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The Dodge Ram ProMaster is a front wheel drive vehicle. As such, there is no drive shaft running from the engine to the rear wheels. This makes the floor of the ProMaster closer to the ground – and that makes for some terrific handling in every situation I’ve driven ours in. Crosswinds, passing semi-trucks, you name it; our Travato remains firmly planted on the road.
But while that low floor height makes for great handling on the road, it also means that everything underneath the RV is closer to the ground. One area where I’ve heard concerns has to do with the generator. Most of these concerns come not from owners, but from potential owners. The “look” of the generator underneath concerns people. And even though I hadn’t had any problems with it myself, I thought I’d see if there was an easy and effective way to raise the generator a bit.
I found a product called “Sumo Springs”, which is made for the ProMaster. I could describe in detail the closed cell polyurethane, blah, blah, blah; but basically, they’re upgraded bump stops that are screw-in replacements for the factory ones in the rear of the Travato. I had used a similar product on our last RV, and I like the idea of a non-permanent, easily reversible solution that I could try out. If I didn’t like them, removing them is just as easy as installing them.
I discussed adding the Sumo Springs with Winnebago. They told me they are working with Chrysler to devise a way to increase the ride height of a fully loaded Travato. But as far as the Sumo Springs, they cannot install them at Winnebago or recommend that end users install them. So, if you plan on trying out the Sumo Springs, know that you’re doing so at your own risk.
I ordered the “heavy duty” set, and made arrangements to have them installed at a local garage. I recommend you have someone install them unless you’re a qualified mechanic. The Travato is a heavy vehicle, and to complete this safely, you’d need a heavy duty jack, chocks, and jack stands. Don’t undertake this yourself unless you know what you’re doing.
The install procedure was simple. Before we did anything, we measured the height of the generator. In this picture, you can see that the generator sits 6 3/8 inches off the ground.
In that same picture, the rear axle is 192mm off the ground. We’ll come back to that in the “after” picture. Once the vehicle was raised, it was simple to locate the factory bump stop (the orange thing) and simply unscrew it (though they did use an oil filter wrench for leverage).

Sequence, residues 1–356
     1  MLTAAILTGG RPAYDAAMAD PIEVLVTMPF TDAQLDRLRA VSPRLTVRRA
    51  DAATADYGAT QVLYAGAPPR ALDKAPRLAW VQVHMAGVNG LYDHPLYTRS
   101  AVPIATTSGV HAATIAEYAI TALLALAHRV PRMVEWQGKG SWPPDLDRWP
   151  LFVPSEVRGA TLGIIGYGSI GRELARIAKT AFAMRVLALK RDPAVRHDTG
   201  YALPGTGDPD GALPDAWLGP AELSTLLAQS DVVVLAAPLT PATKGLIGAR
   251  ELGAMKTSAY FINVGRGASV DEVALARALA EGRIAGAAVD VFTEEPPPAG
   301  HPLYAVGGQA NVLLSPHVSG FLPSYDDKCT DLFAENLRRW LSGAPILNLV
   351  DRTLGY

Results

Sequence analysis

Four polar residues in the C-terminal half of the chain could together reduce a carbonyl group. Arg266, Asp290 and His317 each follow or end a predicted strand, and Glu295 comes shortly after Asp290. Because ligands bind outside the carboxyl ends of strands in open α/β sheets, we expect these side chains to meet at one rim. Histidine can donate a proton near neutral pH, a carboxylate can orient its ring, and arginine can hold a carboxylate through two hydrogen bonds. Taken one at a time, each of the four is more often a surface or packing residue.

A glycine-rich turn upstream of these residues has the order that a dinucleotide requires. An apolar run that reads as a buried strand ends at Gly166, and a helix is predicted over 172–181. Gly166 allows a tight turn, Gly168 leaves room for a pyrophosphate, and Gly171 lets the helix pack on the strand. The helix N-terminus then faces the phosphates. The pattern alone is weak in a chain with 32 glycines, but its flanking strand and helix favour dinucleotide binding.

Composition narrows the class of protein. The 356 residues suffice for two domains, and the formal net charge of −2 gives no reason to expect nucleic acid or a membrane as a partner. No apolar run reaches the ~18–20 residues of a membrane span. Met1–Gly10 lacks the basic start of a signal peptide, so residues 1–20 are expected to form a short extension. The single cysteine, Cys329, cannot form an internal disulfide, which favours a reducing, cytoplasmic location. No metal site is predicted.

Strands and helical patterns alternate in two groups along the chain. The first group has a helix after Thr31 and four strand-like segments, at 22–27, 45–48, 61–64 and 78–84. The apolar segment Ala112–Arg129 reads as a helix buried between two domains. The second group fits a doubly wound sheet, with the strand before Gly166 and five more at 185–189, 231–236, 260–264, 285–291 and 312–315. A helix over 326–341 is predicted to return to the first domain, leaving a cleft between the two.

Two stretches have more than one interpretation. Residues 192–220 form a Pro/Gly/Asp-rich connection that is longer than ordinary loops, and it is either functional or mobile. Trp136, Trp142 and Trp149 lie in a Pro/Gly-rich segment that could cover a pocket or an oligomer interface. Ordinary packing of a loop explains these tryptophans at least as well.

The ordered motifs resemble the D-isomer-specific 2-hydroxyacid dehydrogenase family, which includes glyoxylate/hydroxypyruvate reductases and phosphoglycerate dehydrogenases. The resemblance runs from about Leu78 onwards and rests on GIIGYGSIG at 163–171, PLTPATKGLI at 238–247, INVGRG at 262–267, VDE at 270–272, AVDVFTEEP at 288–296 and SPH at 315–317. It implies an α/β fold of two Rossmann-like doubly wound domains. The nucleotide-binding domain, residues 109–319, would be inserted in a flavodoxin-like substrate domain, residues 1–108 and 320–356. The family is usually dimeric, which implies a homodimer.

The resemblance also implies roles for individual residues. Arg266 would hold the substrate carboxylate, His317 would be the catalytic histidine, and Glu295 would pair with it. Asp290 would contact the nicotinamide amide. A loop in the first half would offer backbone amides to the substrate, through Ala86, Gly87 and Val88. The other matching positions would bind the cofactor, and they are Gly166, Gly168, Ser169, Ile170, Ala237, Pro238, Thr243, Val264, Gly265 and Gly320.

The difference in uncompressed height between the factory bump stop and the Sumo Spring stop was rather obvious. There’s a 2 inch urethane spacer that comes with the Sumo Springs which practically guarantees that we’ll pick up some height in the back.
The Sumo Spring stop simply screws in place, in two pieces, in place of the factory one. Here it is installed, but the vehicle is still raised, leaving the spring uncompressed.
And that’s it. It was then just a matter of repeating the process on the other side of the Travato. Total time elapsed: about 30 minutes.
But did it work?
Absolutely! Here we are measuring to the bottom of the generator after the Sumo Springs are installed. The new height? 7 and 7/16 inches. That’s an increase of over one inch.
And remember the 192mm to the bottom of the axle? That axle sits further forward. You can see in this second photo that it shows 193mm. I tried to keep the camera angle the same between the before and after shots. Though I was squatting down and leaning under the Travato, I kept parallax to within a millimeter. So no trick photography here.
And how does it drive?
I’m happy to report that the experience from the driver’s seat is as excellent as it always was. While I’ve not driven through any hurricanes, I don’t notice any additional sway or push-pull with passing rigs. And when I took the Travato down a steep twisty mountain canyon road, control over the rear end seemed sure and unaffected. Stef has even driven the Travato post Sumo-Springs – extensively, as she supported me on a 300 mile bicycle race over mountains and through terrible crosswinds. She doesn’t mind driving the Travato at all! (She would never have driven our old Sprinter.)
I’ve saved the factory bump stops, but I don’t think I’ll be reinstalling them. The Sumo Springs have increased the ground clearance on our Travato by just over an inch with no adverse consequences. If you’re concerned about the height of the generator on your Travato, adding the Sumo Springs might be something to consider.